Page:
Well now, it’s been a while since we’ve seen the Ravens play a meaningful game. Despite the Super Bowl taking place way back in early February, a seven month wait couldn’t hold us back. We finally get to return to some normalcy as summer ends in Baltimore.
The NFL action actually kicked off last night, as the Seahawks dominated the Packers 36-16. It’s what some kind of expected, but probably just hoped for a close game as it was in a primetime spot. When I say “some”, I mean fans. Sports analysts/writers rarely ever like to predict blowouts between two teams likely to make the playoffs, especially when doing so would be saying a top-tier QB (in this case Aaron Rodgers) wouldn’t have a good game and be a reason for the loss.
With that in mind, the writers can’t ever predict big blowouts when they happen, and vice versa. See this guy for some of his detailed picks for this week. I personally find him (in my humble opinion) one of the worst sports writers employed, and most of it is his crutch of only assuming quarterback play matters. Also, as I’ve just mentioned, he too falls into the trap of widely predicting close games. The top game should catch your attention (should you choose to click to link, it’s okay if you don’t) as he predicted the Seahawks to eke out a 24-23 win over the Packers, solely because they “find a way” to win at home.
In one fell swoop, he discounts the strengths on Seattle’s defense & rushing that complement their passing attack (which has a surprising amount of star/former star receivers). This is all the while believing, like many other sports analysts, that Green Bay’s passing attack more than makes up for the other facets of the game. The real issue that hit them last night, like it did to Denver in the Super Bowl, is that they become a one dimensional team that only needs its passing to be taken away in order to fall apart.
The Packer defense was missing their star defensive tackle B.J. Raji, and their defense ended up surrendering 200+ yards on the ground. Although Marshawn Lynch is a very tough running back to take down, this game exposed flaws in Green Bay’s defense schemes that other teams should exploit. Despite a very marketable linebacker, Clay Matthews didn’t become a deterrent to his teammates’ missed/broken tackles. Their secondary is still good, but who cares if you can run all over them? Balanced teams like Seattle are the known arch enemies to prolific passing teams.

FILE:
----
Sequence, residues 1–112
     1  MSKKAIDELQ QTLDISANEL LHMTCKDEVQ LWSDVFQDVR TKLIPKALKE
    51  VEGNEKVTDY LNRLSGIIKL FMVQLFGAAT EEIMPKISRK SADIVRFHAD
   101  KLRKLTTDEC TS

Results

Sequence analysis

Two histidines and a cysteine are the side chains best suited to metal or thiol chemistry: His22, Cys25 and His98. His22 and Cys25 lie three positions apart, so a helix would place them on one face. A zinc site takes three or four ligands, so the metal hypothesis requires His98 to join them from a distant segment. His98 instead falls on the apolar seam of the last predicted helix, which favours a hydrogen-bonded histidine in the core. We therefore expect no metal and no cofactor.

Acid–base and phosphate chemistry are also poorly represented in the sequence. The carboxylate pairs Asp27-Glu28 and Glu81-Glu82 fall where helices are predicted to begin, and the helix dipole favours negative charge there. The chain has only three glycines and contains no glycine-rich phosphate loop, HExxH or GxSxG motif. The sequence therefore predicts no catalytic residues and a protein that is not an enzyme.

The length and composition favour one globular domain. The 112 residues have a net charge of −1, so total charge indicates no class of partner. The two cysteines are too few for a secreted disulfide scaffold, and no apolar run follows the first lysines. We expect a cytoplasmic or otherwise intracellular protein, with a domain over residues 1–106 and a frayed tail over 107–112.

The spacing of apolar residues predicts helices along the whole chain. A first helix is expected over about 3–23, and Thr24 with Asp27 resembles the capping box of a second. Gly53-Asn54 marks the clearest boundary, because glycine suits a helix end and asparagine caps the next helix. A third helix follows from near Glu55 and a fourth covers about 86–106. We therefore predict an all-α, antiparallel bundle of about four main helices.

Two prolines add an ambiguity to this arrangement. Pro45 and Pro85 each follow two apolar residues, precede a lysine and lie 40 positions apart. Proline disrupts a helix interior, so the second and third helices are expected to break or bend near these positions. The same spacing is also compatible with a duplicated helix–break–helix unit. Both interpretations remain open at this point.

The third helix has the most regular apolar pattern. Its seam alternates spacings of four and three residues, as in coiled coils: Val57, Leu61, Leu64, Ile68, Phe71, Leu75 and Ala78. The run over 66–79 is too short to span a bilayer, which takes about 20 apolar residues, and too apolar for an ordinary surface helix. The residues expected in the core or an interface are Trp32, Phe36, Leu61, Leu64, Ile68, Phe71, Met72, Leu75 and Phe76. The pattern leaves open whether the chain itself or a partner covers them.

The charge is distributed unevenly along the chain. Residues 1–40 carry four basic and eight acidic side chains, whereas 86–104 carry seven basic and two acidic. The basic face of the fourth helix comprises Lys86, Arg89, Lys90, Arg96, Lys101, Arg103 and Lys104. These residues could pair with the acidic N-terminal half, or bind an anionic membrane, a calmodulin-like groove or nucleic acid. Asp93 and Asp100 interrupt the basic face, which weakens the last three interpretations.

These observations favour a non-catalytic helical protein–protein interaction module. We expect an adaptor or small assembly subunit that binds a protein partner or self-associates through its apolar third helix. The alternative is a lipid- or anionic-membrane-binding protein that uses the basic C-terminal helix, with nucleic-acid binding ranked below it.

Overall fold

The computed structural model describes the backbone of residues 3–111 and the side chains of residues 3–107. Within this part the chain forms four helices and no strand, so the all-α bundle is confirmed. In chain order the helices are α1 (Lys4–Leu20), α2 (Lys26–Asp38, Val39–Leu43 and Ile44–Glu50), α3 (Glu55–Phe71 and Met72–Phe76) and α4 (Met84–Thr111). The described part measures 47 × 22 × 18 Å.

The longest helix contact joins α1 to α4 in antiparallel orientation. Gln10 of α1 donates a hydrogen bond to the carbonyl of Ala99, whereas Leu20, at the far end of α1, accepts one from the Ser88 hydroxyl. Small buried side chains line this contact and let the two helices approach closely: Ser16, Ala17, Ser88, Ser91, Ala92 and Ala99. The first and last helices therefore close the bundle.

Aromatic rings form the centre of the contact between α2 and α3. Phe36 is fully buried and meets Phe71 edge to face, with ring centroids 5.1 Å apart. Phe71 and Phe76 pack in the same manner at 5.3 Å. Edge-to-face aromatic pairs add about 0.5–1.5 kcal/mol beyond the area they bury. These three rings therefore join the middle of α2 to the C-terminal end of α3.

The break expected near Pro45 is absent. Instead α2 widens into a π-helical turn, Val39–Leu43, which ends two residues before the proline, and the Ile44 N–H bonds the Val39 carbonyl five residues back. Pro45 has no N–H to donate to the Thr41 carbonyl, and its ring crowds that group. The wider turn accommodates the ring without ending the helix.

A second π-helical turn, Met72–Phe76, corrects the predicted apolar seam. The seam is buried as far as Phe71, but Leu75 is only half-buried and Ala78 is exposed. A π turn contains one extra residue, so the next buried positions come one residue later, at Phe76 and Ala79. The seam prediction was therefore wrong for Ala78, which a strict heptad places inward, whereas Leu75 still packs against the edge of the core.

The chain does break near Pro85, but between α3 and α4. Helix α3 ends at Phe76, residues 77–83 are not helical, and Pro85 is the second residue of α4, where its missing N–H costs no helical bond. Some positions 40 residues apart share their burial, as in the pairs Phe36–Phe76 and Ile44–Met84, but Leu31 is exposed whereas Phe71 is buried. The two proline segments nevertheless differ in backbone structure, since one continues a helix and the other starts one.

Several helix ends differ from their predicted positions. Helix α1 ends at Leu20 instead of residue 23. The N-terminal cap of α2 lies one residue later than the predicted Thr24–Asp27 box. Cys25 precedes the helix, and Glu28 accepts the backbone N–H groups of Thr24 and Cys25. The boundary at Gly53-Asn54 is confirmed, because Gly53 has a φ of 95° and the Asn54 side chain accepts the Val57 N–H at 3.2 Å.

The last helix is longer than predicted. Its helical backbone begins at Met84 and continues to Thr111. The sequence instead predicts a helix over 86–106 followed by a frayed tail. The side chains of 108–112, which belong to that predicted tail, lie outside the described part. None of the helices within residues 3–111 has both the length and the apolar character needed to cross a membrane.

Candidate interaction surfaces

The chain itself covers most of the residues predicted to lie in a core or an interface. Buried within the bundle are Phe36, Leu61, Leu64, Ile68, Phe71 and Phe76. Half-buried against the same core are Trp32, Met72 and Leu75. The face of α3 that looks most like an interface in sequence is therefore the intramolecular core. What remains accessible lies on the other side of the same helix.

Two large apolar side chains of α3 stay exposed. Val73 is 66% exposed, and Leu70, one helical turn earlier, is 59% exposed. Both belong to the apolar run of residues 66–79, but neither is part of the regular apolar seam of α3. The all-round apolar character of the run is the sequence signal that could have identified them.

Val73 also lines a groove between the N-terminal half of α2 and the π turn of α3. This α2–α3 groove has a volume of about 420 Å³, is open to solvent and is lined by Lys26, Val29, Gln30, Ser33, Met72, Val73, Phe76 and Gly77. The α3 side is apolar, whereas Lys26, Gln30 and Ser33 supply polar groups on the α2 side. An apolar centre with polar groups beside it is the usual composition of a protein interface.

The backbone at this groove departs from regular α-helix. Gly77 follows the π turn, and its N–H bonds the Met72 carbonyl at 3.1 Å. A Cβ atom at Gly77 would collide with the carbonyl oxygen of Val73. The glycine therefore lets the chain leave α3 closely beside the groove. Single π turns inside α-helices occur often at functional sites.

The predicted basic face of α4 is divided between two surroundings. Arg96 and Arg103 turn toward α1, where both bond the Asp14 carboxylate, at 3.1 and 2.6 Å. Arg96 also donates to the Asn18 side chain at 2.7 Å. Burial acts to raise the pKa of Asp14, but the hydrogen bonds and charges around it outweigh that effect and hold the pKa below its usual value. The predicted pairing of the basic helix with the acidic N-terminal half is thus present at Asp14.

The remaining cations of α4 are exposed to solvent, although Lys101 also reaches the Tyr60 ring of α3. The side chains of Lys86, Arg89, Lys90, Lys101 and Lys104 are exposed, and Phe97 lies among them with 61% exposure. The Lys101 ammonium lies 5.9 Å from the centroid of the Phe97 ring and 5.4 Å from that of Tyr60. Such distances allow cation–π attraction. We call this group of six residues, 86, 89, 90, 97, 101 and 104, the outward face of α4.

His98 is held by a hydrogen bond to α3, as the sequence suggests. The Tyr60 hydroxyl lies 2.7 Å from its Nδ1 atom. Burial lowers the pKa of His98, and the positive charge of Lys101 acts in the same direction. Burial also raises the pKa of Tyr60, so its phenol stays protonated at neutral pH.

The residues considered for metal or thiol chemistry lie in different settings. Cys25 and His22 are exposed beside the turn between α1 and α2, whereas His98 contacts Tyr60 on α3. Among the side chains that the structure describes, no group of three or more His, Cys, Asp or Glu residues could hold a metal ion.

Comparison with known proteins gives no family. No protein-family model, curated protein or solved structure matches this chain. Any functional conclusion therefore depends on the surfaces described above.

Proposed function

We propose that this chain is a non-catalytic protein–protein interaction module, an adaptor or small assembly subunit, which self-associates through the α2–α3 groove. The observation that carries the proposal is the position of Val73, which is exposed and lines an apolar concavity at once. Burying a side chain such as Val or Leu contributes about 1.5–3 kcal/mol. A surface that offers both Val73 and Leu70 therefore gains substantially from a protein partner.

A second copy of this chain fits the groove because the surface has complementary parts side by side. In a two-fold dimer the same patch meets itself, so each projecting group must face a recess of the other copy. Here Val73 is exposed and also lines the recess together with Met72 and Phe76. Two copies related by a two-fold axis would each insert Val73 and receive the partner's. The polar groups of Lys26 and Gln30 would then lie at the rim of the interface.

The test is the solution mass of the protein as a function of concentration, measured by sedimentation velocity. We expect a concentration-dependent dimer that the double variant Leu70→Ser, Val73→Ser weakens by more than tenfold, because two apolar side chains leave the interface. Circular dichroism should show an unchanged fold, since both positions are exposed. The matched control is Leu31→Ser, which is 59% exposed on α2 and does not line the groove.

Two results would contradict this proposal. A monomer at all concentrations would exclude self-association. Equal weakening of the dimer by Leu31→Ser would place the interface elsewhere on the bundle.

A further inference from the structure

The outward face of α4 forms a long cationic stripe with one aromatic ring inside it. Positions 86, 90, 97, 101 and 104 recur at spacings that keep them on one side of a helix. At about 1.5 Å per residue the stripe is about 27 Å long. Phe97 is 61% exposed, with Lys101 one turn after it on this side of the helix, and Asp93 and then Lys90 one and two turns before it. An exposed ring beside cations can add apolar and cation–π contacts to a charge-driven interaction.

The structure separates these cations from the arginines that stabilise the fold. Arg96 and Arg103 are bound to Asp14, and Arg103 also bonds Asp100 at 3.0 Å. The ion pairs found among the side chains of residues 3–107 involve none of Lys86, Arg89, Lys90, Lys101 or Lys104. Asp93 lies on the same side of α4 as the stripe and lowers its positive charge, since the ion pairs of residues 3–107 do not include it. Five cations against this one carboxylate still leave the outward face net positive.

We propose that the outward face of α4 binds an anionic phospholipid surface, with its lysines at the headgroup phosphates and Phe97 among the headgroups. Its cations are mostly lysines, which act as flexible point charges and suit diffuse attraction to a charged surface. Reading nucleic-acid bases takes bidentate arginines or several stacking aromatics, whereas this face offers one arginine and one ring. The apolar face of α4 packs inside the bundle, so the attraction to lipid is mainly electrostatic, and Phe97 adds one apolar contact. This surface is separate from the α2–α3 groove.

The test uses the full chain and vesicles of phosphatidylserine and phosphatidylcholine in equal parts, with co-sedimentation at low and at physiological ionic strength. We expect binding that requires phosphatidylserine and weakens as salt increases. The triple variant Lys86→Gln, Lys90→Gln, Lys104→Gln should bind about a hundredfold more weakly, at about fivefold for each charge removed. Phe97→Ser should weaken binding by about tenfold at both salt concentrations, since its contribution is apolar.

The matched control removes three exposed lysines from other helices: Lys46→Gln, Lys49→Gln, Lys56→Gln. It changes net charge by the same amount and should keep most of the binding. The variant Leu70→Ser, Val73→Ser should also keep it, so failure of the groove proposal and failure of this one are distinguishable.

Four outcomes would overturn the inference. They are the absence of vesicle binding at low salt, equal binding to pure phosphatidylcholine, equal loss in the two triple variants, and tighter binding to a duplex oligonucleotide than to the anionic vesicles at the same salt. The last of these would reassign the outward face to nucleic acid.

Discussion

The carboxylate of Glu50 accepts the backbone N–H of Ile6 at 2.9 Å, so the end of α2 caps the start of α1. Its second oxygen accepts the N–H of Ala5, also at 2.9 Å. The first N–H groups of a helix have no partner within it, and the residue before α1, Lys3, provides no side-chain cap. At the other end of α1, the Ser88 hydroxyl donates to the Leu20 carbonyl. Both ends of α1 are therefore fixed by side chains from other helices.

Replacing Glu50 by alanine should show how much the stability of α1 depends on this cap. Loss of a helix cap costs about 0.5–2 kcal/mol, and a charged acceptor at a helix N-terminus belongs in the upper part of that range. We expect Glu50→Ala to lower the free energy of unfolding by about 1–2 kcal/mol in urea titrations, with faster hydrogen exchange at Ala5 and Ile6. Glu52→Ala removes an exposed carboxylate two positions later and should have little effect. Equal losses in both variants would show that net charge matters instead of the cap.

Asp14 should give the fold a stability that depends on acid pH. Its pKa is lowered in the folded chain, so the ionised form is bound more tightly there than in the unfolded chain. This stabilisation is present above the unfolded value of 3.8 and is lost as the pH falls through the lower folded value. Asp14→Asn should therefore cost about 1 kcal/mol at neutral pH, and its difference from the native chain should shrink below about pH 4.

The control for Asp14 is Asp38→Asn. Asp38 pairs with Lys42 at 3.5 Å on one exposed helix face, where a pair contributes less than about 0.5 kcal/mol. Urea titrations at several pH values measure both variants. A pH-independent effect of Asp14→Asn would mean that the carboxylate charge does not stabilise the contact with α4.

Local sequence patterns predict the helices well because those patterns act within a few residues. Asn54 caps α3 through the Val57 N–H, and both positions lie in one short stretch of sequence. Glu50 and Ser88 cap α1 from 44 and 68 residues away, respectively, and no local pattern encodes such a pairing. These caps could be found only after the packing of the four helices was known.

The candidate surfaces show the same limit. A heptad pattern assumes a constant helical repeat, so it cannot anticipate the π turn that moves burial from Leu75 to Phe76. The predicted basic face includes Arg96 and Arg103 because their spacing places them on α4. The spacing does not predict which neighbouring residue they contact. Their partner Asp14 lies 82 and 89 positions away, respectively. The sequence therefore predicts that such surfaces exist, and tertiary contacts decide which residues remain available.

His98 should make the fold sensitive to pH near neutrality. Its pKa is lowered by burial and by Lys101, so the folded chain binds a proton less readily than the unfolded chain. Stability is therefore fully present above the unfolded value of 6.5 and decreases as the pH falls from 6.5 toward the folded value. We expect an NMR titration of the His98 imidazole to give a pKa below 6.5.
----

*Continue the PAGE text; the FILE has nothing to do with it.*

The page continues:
I write all this about Seattle since, while I was watching the game last night, I saw a bit of the Ravens in the Seahawk players & style. Whenever the Ravens pull off upsets against media-favorite teams, the articles that follow have a general “how did they lose?” kind of narration rather than analyze the “why” of the Ravens’ success. The trends that I’ve noticed have been that the teams that win in the playoffs & super bowls the best (as well as being not to shabby in the regular season) tend to have a very strong balance in the many facets of football.
Think back to the 2009 season’s playoffs (Jan 2010): when the Ravens beat the Patriots, how did they do it? The Patriots had already established a pass heavy, high scoring attack for a few years, and had history on their side as they hadn’t lost a playoff game at home since the 70s. However, their flaw was their over abundant reliance on passing & their pass defense while ahead. The Ravens, instead, pounded the Patriots with a great running attack and the defense held firm against any long gains. The Ravens ended up losing the next game against the Colts as Flacco, then in his 2nd year, couldn’t keep up with Peyton Manning and the rushing attack didn’t get the same numbers as against New England.
When the Ravens can hit on all cylinders, then you know you have a special team who could win it all if given the chance. It pains me to say, but the recent times that the Steelers won the Super Bowl, they too had good balance in passing, rushing, defense, and special teams. However, in the 2010 season, they got more reliant on passing and rushed much less (along with their defense rapidly aging without enough replacements), and the Packers were able to beat them in the Super Bowl that season.